Opening on November 20, Cai Guo-Qiang’s newest exhibition is dedicated to the spirit of the Renaissance. Flora Commedia features over 60 works by the Chinese artist, spread throughout the rooms at the Uffizi Gallery, opening a dialogue with the historic artworks and the contemporary pieces they inspired.

 

“When looking at paintings by the Old Masters,” said Guo-Qiang, “we can still feel the warmth of the creative processes of both today and the past. Do we, as artists today, continue to pass this warmth on to our successors? I want to believe so...” As the title suggests, the artist portrays flowers in his works, which he uses as way to evoke the ideals of the Renaissance, like the connection with nature, the awakening of humanity and the newfound perception of the human body. The first part of the exhibition is dedicated to self-portraits, reminiscent of the Renaissance tradition, while the second room is a tribute to Medici collecting and display, its walls covered with paintings. Most of the pieces on display were made using lit incense sticks to sketch directly on the canvas, and were heavily influenced by metal point drawings the artist had seen in the Uffizi’s collection. Others still were made by igniting gunpowder directly on the canvas and paper, evincing Guo-Qiang’s interest in pyrotechnics.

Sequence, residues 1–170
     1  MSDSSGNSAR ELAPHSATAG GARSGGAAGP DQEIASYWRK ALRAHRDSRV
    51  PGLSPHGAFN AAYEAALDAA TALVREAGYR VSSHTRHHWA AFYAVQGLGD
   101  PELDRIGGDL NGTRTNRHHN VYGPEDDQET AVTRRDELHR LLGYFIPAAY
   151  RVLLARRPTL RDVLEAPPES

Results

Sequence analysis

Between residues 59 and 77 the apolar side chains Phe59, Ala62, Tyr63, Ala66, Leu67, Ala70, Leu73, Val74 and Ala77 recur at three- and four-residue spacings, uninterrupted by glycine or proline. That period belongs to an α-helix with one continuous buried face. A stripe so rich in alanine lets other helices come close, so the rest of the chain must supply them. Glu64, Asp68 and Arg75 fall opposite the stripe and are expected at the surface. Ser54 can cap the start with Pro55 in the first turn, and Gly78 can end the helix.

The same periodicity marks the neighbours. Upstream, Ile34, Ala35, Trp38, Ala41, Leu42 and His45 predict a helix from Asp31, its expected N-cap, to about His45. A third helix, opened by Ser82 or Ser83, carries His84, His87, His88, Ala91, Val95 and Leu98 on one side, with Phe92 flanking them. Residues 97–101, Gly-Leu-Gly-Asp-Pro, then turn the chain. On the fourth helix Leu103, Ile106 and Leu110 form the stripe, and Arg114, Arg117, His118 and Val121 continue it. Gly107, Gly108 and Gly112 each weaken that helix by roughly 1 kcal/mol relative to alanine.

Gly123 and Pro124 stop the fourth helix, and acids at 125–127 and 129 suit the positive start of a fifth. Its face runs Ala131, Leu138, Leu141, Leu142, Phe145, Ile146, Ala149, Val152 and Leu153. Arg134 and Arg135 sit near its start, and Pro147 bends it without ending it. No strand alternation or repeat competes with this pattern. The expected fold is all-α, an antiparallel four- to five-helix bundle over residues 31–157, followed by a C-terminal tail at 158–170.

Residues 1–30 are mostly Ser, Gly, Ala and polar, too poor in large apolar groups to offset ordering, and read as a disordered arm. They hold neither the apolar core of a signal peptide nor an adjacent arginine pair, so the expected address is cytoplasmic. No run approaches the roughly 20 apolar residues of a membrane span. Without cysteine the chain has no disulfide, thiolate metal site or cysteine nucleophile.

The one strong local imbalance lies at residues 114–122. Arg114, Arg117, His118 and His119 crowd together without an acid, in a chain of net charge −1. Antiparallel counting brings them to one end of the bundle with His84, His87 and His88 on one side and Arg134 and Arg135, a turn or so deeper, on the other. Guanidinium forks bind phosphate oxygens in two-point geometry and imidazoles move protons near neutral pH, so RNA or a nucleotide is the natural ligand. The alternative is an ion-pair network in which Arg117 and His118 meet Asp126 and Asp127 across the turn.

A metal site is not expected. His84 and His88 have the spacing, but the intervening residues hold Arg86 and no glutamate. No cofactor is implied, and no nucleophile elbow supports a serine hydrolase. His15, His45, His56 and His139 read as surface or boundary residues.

In line with this interest, the exhibition was kicked off with a fireworks performance on November 18 in piazzale Michelangelo. City of Flowers in the Sky was inspired by Botticelli’s Primavera and involved nearly 50,000 fireworks that exploded in the sky in the form of Renaissance flowers and plants, the colours of which evoked the palette of the famous painting, on display at the Uffizi. The artist expressed how “the fireworks are reminiscent of the flowers one might have found during the Renaissance, while also evoking the palettes of the masters of this historic and artistic period. The Uffizi’s rich collection seems to move beyond the museum space, blending with the very city that nourishes it.”

 

Flowers in the Florentine sky

Cai Guo-Qiang uses Florentine panorama as his canvas

Despite the late-November winds and the chill in the air, if you looked up in the sky at any point yesterday in Florence, you could be forgiven for thinking it
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Flora Commedia will run until February 17, 2019.

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